Friday, 28 February 2014

Along the coast from Edinburgh on the Long Haul Trucker

I finally managed to get some time for myself today. So off to Edinburgh for a nose around and a leisurely cycle home along the coast.

The weather was fantastic for February. The day started with a sharp frost but this soon cleared and the sun shone in crisp clear skies.

The memorial is to Sir Walter Scott. I can remember most of the sandstone in Edinburgh being dark and stained before there was a big effort to blast it all clean. I think this started in the late 1980s. I don't know why the Scott Monument was left, although the dark towering spires are quite iconic and would look odd now if it was back to clean stone.

Aye, tram tracks, but no trams, although I read in the paper a couple of days ago that Edinburgh Council are looking for guinea pig passengers to finally try out the new trams. We'll see.

From Princes Street I flew through the traffic and headed down Leith walk, then off into the docks. The Port of Leith pub was still closed as I passed, probably just as well.

These cranes are silent now. It's all container transport and cruise ships.

Portobello beach was a typical seaside in winter. Just dog walkers and a few hardy pensioners sitting with their wee tartan rugs, staring out to sea.

I stopped too, had a coffee, and stared out to sea as well. I don't know what we were all expecting, maybe something will sail over the horizon one day and the perishing pensioners will rejoice.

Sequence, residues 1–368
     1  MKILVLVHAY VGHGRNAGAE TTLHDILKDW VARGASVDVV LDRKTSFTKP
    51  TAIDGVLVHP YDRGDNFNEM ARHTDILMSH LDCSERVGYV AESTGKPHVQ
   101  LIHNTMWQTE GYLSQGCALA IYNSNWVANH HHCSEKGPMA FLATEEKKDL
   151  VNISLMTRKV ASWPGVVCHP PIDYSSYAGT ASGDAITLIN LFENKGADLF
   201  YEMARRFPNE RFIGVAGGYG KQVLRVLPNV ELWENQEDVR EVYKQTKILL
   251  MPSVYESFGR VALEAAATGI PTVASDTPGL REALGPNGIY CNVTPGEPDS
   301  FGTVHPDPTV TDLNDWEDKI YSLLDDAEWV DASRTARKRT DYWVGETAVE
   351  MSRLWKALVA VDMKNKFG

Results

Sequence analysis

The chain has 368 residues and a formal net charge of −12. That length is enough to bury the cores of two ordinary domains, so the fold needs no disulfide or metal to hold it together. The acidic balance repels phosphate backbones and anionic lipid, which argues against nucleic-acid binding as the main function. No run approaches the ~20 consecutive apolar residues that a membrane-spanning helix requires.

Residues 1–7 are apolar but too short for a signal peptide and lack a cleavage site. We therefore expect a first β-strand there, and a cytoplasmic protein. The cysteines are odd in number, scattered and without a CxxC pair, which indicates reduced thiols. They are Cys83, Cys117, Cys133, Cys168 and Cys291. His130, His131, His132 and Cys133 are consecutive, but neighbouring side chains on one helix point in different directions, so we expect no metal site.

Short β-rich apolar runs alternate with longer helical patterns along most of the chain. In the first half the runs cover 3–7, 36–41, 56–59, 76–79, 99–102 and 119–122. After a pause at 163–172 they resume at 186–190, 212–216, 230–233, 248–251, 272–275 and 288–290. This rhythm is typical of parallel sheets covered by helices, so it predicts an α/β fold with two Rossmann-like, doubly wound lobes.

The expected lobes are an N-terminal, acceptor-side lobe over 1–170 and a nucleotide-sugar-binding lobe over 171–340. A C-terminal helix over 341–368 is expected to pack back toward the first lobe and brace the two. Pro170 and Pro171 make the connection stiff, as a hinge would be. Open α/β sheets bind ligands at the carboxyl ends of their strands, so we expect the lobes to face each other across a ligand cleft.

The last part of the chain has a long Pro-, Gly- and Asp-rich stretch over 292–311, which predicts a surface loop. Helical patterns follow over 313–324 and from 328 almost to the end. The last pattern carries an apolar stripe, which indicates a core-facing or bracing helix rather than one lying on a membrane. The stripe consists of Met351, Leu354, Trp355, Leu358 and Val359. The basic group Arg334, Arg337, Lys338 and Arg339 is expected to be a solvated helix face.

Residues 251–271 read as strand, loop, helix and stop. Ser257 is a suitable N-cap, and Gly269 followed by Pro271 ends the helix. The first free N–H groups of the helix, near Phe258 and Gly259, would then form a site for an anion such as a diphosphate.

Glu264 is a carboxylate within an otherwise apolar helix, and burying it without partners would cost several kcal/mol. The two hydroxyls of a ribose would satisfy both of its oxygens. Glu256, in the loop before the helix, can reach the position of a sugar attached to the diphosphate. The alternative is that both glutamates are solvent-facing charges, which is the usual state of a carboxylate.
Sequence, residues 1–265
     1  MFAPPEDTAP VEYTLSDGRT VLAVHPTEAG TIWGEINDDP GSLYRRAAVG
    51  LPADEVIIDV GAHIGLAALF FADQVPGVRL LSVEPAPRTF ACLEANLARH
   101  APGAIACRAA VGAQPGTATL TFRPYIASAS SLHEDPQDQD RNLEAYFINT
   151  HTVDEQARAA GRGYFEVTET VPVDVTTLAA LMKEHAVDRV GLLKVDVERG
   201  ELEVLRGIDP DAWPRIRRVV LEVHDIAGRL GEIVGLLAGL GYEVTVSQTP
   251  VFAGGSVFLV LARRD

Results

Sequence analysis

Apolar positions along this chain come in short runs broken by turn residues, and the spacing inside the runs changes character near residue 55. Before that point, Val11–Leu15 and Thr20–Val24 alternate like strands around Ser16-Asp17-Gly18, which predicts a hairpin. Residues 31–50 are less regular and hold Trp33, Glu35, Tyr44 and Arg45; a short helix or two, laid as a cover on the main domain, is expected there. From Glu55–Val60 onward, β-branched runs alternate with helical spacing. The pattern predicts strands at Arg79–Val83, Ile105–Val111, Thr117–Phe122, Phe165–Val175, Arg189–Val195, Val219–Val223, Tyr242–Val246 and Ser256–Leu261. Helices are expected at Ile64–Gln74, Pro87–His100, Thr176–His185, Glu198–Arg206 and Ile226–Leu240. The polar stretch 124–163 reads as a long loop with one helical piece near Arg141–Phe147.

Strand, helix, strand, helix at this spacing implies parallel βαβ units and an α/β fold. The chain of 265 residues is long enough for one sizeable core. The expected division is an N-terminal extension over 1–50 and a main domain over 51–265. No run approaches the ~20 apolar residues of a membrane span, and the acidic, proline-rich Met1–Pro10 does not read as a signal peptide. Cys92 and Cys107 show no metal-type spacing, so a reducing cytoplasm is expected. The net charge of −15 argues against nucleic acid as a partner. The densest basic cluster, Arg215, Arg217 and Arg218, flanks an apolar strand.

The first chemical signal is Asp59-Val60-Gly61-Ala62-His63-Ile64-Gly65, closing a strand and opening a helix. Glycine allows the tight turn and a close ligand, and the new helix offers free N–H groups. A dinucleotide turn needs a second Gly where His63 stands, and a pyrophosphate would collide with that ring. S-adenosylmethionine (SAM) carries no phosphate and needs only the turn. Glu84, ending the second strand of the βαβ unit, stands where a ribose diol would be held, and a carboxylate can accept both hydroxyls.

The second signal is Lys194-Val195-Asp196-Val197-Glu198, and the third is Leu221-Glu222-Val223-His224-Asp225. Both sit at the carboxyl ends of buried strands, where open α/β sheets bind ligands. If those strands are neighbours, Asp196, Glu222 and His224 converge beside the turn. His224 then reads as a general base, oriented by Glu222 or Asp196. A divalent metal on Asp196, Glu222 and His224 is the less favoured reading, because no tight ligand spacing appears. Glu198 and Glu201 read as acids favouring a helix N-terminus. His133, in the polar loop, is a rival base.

The pillars were rescued from the nearby Argyle house and now stand in the community garden. Really intricate stone carving, and the restoration team have done a great job restoring them.

Through Fisherrow and I spotted this black headed gull in it's summer breeding plumage. It's companions were all in winter guise, he must feel a little overdressed, the wee poseur.

By chance, I met coastkid and we bleathered for a while. Then I headed inland a bit at Aberlady and had to take a photo of the wall of potato boxes at Lufness.

I began to regret not eating enough, but with no shops around, I just carried on enjoying the winter sun and empty roads.

Fenton Tower standing proud on the hill. If you click the link you can read about it's history. It was only restored recently, and if you really want, you can get married there.

On and on, feeling a bit tired but  still comfy on the trucker. I stopped at Whitekirk for a couple of photos and the last of the coffee from my flask.

  Some more stone carving in the vestibule ceiling.

Home in sight and the sound of the wading birds ringing across the bay.

I somehow managed to be out on the bike for six hours, a great day and good to have some time off just to spend pedaling along in the sunshine.

Sunday, 23 February 2014

Craigmillar.. the castle, not the scheme.

There's no cycling or sailing in this post, sorry, but yet again family, work, and life in general is just taking up all my time; and rightly so.